Things to Do in Fort Wayne and Beyond

Brad Etter

Michele DeVinney

Whatzup Features Writer

Published January 1, 2011

Heads Up! This article is 11 years old.

Few people in Fort Wayne are as endearing and unassuming as Brad Etter, who has turned his passion for music into a calling, a mission to share that passion and bring top flight entertainment to town via some equally unassuming venues. While larger stages like the Allen County War Memorial Coliseum, the Embassy Theatre and Piere’s have been hosting national acts for years, more recently C2G (formerly Come2Go Ministries) has become a great place to enjoy both local music as well as some very impressive music icons. As Etter’s role at C2G has grown, his role in promoting music in Fort Wayne made his choice for a Special Whammy most fitting.

A native of Fort Wayne, Etter caught the music bug early and as he has lived in other places in Indiana (Bloomington and West Lafayette), he expanded his musical world, always taking advantage of the opportunities to see some of music’s most successful acts when they played locally. His early musical influences are broad but familiar to most fans.

“Some of my earliest memories evolved from listening to the radio and being introduced to The Beatles, The Beach Boys, Aretha Franklin, The Animals, Yardbirds, Simon & Garfunkel, Marvin Gaye and on and on,” he says. “My first memories of actually paying to listen to music were first at local juke boxes and then next discovering 45 records and full length albums at local stores.”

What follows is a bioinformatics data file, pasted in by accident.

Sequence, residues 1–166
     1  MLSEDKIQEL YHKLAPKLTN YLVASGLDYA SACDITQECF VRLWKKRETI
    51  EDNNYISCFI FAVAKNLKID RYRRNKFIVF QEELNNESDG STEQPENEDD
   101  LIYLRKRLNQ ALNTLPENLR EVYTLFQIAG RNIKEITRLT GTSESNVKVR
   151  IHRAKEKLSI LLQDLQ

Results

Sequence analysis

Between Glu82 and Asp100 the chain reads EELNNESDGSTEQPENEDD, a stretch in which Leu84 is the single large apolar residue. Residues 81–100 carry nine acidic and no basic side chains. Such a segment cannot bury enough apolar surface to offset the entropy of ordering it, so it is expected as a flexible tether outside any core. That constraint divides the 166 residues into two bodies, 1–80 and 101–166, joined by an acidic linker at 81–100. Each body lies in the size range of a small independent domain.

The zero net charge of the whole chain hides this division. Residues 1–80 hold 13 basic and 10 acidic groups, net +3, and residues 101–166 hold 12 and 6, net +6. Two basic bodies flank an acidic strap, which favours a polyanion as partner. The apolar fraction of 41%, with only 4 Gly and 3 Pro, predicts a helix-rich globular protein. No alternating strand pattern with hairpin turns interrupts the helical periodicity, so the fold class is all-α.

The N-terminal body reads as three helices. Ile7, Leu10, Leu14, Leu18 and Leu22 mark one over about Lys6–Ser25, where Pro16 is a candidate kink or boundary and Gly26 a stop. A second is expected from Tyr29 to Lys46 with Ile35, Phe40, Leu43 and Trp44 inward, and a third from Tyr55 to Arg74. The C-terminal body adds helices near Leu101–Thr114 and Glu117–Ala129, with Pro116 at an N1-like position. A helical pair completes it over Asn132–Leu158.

He also caught shows which many of us would give a left arm to have seen.

“Some of my very early concert memories were of The Beatles performing at the old State Fairgrounds Coliseum in Indianapolis, i believe that they were paid $1,000 A Minute which was a gigantic sum of money back then! Locally a number of concerts come quickly to mind: The Rolling Stones playing at the Memorial Coliseum in Fort Wayne right after their single ‘I Cant Get No Satisfaction’ came out on the radio.

A beyond memorable experience for local-regional concerts was actually seeing The Who at The Swinging Gate in Fort Wayne, The Kingsman at The Flame, The Flock at the Hullabaloo ( now Ceruti’s ), The Electric Prunes also at the Swinging Gate, Eric Burdon @ Gentry’s, The MC5 at Hamilton Lake, The New York Dolls at The Armory (now Headwaters Park West), The Byrds at Tippy Gardens, Santana at the Coliseum with Bobby Womac opening, Paul Winter Consort at the Embassy Theatre, Stevie Ray Vaughn at Frankee Park’s outdoor Foellinger Theater to mention some highlights.”

It’s that encyclopedic addiction to music, the diversity of his tastes and his exposures to so many great musical venues in the area that now informs his efforts at C2G. But what really lit his fire was a five-year stint in Seattle where he says he “was immersed in the local music scene there.”

“My music passions exploded during this time period and I was introduced to so many types, shapes and forms of music and musicians during that five year period that I am still trying to catch up. Working with a few of those who promoted concerts and clubs in Seattle I had countless opportunities to spend some time and one huge memory is hanging with The Police a bit on their tour right after their first record came out. I met and worked with The Talking Heads, went to dinner post show with the likes of Koko Taylor, Sonny Terry & Brownie McGee, saw my first ever Zydeco Music show with The Queen, Queen Ida. And I had dinner with The King, BB King. I was also introduced to many varieties of African Music, real Africans playing their homeland music such as The Master of the Oud, Hamza El Din who lived in Seattle and performed magical virtuosic music on his ancient stringed instrument along with virtuosic and polyrhythmic playing on the Tar Drum too.”